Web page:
But after spending time hearing Jesus tell them the stories of their ancestors and after sharing a meal with him, their faith was rejuvenated. They saw how faithful God was to his promises, and their hearts began to burn with hope now that they were able to see a bigger picture.
Messages from Heaven. A similar thing can happen to us when we gather to celebrate the Eucharist. We come to church carrying with us both the successes and challenges of the past week. And here, for just one hour, we can put aside anything that might be weighing us down. For this short amount of time, we can let the ancient stories of the Bible lift us up and give us a bigger vision.
It can be difficult to put aside all the demands of the week, but it’s not impossible. You can try to focus on God’s presence as the Mass begins. You can make it a point to slow down your breathing and to repeat a simple prayer, like, “Jesus, help me feel your presence right now.” Then, when it comes time for the readings, you can keep your ears open for a special message from the Lord. Maybe a line or just a word from the readings will find a place in your heart. Perhaps a point from the homily or a verse from a hymn will move you or make you think.
Remember, God often speaks with a still, small voice, so stay alert. If it helps, try closing your eyes during the readings and imagine Jesus sitting with you. Ask him to tell you these stories himself. Or imagine yourself in the midst of the story, and see if something new strikes you. When it does, hold onto it. Repeat it in your mind, and keep it as a special message from Jesus to you. He is speaking to you, and every time that happens, it’s because he wants to help you.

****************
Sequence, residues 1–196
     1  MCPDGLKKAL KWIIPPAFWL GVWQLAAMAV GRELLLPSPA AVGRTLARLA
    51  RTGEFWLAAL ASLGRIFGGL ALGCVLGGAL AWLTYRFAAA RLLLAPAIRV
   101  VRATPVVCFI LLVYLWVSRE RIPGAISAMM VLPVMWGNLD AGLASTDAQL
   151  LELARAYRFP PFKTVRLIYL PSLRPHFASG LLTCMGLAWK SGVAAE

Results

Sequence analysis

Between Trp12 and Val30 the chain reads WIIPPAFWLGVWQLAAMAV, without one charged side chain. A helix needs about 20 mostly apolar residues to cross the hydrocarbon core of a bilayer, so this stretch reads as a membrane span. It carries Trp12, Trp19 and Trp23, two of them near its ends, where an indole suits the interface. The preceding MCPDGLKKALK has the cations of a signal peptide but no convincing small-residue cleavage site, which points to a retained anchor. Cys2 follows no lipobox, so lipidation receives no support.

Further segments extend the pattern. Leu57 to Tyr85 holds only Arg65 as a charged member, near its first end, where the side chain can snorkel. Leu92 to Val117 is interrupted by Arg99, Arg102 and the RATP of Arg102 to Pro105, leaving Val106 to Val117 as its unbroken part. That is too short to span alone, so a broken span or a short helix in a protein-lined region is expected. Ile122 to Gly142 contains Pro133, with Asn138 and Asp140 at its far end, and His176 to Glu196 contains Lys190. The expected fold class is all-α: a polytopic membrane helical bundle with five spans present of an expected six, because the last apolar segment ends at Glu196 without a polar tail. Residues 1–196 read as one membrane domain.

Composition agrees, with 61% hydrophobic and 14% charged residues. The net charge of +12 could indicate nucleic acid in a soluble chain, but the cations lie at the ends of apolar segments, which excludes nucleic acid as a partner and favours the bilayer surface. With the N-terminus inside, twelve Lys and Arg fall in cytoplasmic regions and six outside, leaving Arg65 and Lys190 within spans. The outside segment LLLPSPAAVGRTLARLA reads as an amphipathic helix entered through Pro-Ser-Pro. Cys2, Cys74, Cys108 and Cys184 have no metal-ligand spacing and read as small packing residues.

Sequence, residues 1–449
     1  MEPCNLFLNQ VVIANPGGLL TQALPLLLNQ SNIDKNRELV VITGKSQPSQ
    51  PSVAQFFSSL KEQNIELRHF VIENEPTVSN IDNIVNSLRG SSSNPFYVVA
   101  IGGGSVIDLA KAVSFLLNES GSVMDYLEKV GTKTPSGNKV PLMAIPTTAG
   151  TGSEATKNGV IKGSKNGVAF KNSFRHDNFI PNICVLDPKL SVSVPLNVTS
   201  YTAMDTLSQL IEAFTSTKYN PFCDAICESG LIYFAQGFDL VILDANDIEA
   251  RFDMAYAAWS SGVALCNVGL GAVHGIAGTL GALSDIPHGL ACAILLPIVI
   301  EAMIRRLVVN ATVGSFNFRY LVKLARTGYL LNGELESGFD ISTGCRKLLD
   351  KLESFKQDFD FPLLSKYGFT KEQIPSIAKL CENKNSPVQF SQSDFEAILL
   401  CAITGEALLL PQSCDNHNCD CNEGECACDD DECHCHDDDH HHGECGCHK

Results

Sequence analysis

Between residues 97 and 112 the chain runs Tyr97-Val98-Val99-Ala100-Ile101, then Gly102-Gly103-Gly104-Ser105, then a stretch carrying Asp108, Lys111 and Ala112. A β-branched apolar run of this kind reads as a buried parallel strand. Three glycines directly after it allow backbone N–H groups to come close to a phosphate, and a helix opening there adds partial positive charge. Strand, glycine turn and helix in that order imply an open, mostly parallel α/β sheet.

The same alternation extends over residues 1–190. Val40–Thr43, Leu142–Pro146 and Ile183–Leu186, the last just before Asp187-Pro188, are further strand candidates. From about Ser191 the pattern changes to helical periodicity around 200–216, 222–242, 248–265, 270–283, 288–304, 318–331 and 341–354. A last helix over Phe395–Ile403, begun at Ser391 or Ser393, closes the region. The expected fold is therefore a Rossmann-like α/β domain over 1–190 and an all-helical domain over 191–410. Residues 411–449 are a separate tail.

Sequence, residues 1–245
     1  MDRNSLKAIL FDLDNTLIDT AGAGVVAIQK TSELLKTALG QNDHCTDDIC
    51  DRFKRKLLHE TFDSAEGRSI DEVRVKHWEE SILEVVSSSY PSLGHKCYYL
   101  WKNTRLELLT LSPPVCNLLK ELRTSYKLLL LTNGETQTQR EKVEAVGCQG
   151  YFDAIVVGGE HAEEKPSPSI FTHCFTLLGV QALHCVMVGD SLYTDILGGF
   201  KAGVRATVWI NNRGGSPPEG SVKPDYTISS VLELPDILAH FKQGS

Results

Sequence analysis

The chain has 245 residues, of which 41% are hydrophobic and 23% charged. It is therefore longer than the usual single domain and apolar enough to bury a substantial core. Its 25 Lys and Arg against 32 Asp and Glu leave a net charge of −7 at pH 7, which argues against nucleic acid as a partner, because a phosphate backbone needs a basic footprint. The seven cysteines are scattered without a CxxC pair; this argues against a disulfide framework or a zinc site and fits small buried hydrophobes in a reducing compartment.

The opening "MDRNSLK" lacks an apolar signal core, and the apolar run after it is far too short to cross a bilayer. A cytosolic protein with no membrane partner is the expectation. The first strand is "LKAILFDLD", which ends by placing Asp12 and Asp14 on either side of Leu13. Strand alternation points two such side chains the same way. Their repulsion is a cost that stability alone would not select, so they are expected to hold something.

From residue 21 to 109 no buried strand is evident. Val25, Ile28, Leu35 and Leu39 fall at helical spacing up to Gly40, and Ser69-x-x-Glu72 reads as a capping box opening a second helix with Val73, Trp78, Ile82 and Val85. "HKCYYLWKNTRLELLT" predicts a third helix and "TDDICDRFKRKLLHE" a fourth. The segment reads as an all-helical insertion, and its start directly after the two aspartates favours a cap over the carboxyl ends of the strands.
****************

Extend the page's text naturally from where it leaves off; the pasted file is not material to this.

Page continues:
Reliving the Last Supper. But stories can take us only so far. There is more to the Mass than hearing about our past. The most powerful part is when we not only hear, but relive the most important story of them all—the Last Supper.
The disciples on the road to Emmaus felt their hearts burning while Jesus explained the past to them. But it wasn’t until he broke the bread that their eyes were finally opened. When they joined Jesus at table, they finally understood why their hearts had been burning in the first place.